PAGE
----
29. 29.
    Singanayagam A, Schembri S, Chalmers JD (2013) Predictors of mortality in hospitalized adults with acute exacerbation of chronic obstructive pulmonary disease. A systematic review and meta-analysis. Ann ATS 10:81–89CrossRefGoogle Scholar
  30. 30.
    Sabatine MS, Antman EM (2003) The thrombolysis in myocardial infarction risk score in unstable angina/non-ST-segment elevation myocardial infarction. J Am Coll Cardiol 41:S89–S95CrossRefGoogle Scholar

Copyright information

© The Author(s) 2018

Open Access This article is distributed under the terms of the Creative Commons Attribution 4.0 International License (http://creativecommons.org/licenses/by/4.0/), which permits unrestricted use, distribution, and reproduction in any medium, provided you give appropriate credit to the original author(s) and the source, provide a link to the Creative Commons license, and indicate if changes were made.

Authors and Affiliations

  • Andrew Conway Morris
    • 1
    • 2
  • Deepankar Datta
    • 2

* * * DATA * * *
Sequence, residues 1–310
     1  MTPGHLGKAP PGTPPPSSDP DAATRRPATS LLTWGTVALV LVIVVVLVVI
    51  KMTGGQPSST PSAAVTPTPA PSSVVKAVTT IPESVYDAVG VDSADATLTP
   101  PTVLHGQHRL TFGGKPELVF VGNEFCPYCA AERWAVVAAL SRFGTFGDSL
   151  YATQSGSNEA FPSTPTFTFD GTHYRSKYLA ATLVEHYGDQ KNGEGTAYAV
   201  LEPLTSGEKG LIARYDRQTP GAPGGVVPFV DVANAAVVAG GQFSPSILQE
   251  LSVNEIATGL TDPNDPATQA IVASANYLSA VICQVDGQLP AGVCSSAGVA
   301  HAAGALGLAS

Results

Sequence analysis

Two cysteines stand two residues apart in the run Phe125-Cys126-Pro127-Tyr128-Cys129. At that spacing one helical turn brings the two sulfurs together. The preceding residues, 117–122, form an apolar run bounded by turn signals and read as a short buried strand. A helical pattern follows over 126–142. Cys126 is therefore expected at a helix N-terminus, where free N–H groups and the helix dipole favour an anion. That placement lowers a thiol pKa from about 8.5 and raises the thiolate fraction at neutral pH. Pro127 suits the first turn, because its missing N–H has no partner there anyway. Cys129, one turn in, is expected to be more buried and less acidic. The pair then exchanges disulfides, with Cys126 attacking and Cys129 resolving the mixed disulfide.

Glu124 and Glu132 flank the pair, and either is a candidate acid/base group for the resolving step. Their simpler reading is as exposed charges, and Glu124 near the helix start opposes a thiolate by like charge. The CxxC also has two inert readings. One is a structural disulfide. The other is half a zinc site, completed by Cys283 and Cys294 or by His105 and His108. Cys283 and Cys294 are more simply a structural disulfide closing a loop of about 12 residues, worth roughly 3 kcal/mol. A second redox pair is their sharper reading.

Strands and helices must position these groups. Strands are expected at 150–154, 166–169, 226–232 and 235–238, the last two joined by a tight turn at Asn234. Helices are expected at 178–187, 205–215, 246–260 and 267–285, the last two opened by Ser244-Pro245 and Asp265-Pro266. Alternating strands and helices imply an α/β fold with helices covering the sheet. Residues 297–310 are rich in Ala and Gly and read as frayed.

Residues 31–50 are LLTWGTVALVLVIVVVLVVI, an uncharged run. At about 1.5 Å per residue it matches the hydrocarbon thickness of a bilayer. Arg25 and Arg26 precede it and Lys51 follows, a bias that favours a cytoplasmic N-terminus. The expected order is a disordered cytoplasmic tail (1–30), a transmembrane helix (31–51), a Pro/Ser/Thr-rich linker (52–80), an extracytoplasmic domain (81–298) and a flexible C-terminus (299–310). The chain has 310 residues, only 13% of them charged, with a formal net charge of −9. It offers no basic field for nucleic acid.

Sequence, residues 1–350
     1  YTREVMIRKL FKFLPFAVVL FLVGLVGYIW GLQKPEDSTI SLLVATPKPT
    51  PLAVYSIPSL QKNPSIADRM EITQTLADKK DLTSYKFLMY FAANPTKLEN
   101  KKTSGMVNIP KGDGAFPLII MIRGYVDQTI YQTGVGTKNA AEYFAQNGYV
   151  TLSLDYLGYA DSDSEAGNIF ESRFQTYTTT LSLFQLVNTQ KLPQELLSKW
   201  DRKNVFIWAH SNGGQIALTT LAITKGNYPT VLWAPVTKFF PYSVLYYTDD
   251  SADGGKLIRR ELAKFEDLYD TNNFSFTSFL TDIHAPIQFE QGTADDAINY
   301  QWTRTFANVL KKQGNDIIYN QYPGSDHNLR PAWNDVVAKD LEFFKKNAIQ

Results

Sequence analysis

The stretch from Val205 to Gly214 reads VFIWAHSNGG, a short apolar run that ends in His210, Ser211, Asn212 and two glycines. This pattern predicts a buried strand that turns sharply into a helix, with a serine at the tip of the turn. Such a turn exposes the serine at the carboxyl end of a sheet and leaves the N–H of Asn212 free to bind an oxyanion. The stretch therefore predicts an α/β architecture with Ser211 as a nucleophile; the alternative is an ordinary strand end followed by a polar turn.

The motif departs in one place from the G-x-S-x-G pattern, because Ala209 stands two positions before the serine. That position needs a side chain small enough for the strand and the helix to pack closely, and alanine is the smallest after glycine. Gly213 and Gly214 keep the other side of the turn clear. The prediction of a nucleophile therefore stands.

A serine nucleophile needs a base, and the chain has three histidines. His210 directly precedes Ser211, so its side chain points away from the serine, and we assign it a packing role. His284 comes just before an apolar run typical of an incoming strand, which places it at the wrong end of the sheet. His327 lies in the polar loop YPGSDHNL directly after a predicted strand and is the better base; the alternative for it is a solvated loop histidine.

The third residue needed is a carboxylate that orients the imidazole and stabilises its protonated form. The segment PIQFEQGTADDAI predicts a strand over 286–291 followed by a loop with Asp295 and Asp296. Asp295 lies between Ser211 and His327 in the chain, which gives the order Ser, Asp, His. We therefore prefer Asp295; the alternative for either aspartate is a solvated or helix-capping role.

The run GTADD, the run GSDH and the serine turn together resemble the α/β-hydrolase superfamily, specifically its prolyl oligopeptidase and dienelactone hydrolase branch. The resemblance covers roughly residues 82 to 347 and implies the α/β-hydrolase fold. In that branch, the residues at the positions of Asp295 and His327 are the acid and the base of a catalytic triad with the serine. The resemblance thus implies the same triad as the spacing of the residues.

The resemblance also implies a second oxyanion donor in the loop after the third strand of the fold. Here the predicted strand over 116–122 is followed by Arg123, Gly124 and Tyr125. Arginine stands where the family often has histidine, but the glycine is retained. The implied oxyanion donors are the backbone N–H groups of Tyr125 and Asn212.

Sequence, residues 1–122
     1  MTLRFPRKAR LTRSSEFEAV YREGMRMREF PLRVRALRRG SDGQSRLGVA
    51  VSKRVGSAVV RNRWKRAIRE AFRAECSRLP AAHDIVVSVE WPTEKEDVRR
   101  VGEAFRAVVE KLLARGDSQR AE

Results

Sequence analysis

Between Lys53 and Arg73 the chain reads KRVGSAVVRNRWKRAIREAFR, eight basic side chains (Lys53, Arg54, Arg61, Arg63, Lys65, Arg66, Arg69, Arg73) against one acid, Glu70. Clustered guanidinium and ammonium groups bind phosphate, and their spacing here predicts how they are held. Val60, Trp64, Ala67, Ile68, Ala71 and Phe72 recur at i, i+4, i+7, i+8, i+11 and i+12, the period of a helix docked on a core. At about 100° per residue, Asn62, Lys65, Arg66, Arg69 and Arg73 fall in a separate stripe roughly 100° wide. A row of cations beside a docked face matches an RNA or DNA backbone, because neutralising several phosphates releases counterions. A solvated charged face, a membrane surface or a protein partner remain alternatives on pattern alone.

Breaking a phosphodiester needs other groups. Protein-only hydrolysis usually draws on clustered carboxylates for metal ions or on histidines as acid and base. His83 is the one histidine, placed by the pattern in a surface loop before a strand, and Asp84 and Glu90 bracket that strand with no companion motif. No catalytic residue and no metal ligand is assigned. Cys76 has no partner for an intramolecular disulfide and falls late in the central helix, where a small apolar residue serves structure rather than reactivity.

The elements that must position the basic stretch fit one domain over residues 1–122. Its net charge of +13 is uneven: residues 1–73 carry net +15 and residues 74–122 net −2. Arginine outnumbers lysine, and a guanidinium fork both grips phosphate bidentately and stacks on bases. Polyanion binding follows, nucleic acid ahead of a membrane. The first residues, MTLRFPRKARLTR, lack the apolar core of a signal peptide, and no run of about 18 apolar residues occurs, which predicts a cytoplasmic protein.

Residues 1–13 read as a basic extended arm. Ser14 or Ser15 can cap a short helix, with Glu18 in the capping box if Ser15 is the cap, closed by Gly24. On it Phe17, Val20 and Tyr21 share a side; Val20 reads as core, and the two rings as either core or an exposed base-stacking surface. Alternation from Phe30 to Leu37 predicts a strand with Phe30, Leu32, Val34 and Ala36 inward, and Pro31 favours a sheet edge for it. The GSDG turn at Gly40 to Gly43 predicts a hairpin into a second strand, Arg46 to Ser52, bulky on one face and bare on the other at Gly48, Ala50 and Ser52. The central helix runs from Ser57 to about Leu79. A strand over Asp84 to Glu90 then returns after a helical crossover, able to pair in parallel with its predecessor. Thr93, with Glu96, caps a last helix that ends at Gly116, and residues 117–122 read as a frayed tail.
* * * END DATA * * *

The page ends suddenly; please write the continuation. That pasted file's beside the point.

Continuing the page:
• 3
  • Manu Shankar-Hari
    • 4
  • Jacqueline Stephen
    • 5
  • Christopher J. Weir
    • 5
  • Jillian Rennie
    • 2
  • Jean Antonelli
    • 5
  • Anthony Bateman
    • 6
  • Noel Warner
    • 7
  • Kevin Judge
    • 7
  • Jim Keenan
    • 7
  • Alice Wang
    • 7
    • 8
  • Tony Burpee
    • 9
  • K. Alun Brown
    • 10
  • Sion M. Lewis
    • 10
  • Tracey Mare
    • 10
  • Alistair I. Roy
    • 11
  • Gillian Hulme
    • 12
  • Ian Dimmick
    • 12
  • Adriano G. Rossi
    • 2
  • A. John Simpson
    • 13
  • Timothy S. Walsh
    • 2
    • 3
  1. 1.University Division of Anaesthesia, Department of Medicine, Addenbrooke’s HospitalUniversity of CambridgeCambridgeUK
  2. 2.MRC Centre for Inflammation ResearchUniversity of EdinburghEdinburghUK
  3. 3.Edinburgh Critical Care Research GroupUniversity of Edinburgh School of Clinical SciencesEdinburghUK
  4. 4.Intensive Care UnitGuy’s and St Thomas’ Hospital NHS Foundation TrustLondonUK
  5. 5.Edinburgh Clinical Trials Unit, Usher Institute of Population Health Sciences and InformaticsUniversity of EdinburghEdinburghUK
  6. 6.Intensive Care UnitWestern General HospitalEdinburghUK
  7. 7.BD BiosciencesSan JoseUSA
  8. 8.IncellDxMenlo ParkUSA
  9. 9.Applied CytometrySheffieldUK
  10. 10.Vascular Immunology Research Laboratory, Rayne Institute (King’s College London)St Thomas’ HospitalLondonUK
  11. 11.Integrated Critical Care UnitSunderland Royal HospitalSunderlandUK
  12. 12.Flow Cytometry Core Facility Laboratory, Faculty of Medical Sciences, Centre for LifeNewcastle UniversityNewcastleUK
  13. 13.Institute of Cellular MedicineNewcastle UniversityNewcastle upon TyneUK

Personalised recommendations